Pliny the Elder, in the first century AD, conducted experiments to discover whether a dead body was heavier than a living. Like many others who repeated the experiment, he presumed it would be, since the soul, its light part, had fled. In 1907, Dr Duncan McDougall of Massachusetts set out to weigh patients on the point of giving up the ghost, to prove that the body in fact lost weight (21 grams in the folk imagination) at death. What happened between Pliny and McDougall, to bring about this shift from the assumption that the soul was a principle of levity to the idea that it must be ponderable? One answer is the physics of air. Until Lavoisier explained combustion, physicists continued to believe in a substance called phlogiston, which, like Pliny's soul, had among its qualities that of lightness. Extract the phlogiston from a substance by burning it, and it was thought to gain weight because of a loss of this lightness.
In our time, the soul has been progressively more ma-terialised. That the soul should now be thought to be no longer purely immaterial, but constituted from different forms of exotic matter, is a proof of the necessity of physics for any metaphysics. In her tirelessly inquisitive, myriad-minded Phantasmagoria, Marina Warner conducts her own exercise in weighing the modern soul. The book moves through a range of soul-stuffs and material contrivances that, since the Renaissance, have bodied forth ideas of soul, spirit, mind and life: wax, air, clouds, shadows and reflections.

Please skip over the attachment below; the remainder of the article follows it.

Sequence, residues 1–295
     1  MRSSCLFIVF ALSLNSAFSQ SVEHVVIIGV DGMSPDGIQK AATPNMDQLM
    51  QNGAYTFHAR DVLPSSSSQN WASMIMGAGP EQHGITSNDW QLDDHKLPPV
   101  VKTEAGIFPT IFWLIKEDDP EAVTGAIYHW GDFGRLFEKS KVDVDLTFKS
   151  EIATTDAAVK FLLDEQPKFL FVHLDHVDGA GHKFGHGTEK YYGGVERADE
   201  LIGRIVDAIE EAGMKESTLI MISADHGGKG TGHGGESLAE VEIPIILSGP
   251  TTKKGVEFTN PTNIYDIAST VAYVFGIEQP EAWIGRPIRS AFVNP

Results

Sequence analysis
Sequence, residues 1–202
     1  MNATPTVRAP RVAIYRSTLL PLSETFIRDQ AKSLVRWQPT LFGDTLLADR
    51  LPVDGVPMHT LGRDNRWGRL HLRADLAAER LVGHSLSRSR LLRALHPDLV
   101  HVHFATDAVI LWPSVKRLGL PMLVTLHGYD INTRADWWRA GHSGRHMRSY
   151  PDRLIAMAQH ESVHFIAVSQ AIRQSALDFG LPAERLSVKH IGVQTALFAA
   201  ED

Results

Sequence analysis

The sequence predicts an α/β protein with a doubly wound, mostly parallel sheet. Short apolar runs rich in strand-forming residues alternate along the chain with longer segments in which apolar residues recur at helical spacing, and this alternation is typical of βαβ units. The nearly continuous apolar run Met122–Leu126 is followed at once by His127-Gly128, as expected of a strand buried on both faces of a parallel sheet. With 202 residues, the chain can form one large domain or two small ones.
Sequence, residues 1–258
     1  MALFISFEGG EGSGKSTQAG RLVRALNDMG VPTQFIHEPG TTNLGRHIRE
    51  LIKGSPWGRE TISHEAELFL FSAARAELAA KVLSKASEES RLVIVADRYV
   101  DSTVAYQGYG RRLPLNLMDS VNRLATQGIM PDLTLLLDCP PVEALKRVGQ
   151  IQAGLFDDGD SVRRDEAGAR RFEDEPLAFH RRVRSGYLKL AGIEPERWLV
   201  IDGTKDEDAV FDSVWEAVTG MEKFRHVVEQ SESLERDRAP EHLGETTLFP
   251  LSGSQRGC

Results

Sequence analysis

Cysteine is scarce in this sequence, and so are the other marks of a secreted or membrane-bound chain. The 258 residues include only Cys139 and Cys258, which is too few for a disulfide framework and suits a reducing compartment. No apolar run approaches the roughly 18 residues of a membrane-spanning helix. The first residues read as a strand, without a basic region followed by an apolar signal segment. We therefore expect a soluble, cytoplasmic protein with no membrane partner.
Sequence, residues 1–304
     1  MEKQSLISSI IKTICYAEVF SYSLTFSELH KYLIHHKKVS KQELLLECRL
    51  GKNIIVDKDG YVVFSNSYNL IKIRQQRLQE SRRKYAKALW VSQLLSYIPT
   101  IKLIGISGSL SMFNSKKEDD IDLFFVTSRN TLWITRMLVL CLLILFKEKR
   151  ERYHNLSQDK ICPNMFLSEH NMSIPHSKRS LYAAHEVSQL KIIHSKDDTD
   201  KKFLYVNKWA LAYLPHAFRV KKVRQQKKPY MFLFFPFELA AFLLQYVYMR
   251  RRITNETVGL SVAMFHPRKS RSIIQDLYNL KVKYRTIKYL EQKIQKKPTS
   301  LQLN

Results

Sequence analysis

Her first section deals with wax, showing how from the 18th century it became the favoured medium for capturing the newly important idea of the quiddity of the individual person. The second and third sections consider how soul has been bodied forth in more volatile or airy matter - from the froth of the sperm that Aristotle believed contained the pneumatic life-principle, through angelic aviators of the outer air, and the sportive morphology of clouds.
Increasingly, the concern with external spirits - demons, sprites, the departed - yields to a concern with the nature of the mind and its functions - dream, memory, imagination. Warner shows how indispensable the forms of visual technology that have arisen since the 17th century have been to the mind's projection of itself. Similar claims have been made in the past. Daniel Den-nett, for example, has complained about the way our ideas of consciousness are dominated by that ideal inner obser vatory he calls the "Cartesian Theater".
Warner shows how complex and versatile the interaction has been between mind and other forms of visual technology, running through the elaborate phantasmagoria of magic-lantern shows in the early 19th century, the many uses of photography and the development of cinema. Her discussion of the idea of soul-stealing in the context of imperial and ethnographic photography is particularly subtle and arresting.
I am persuaded by her suggestion that the belief, commonly reported of "savage" …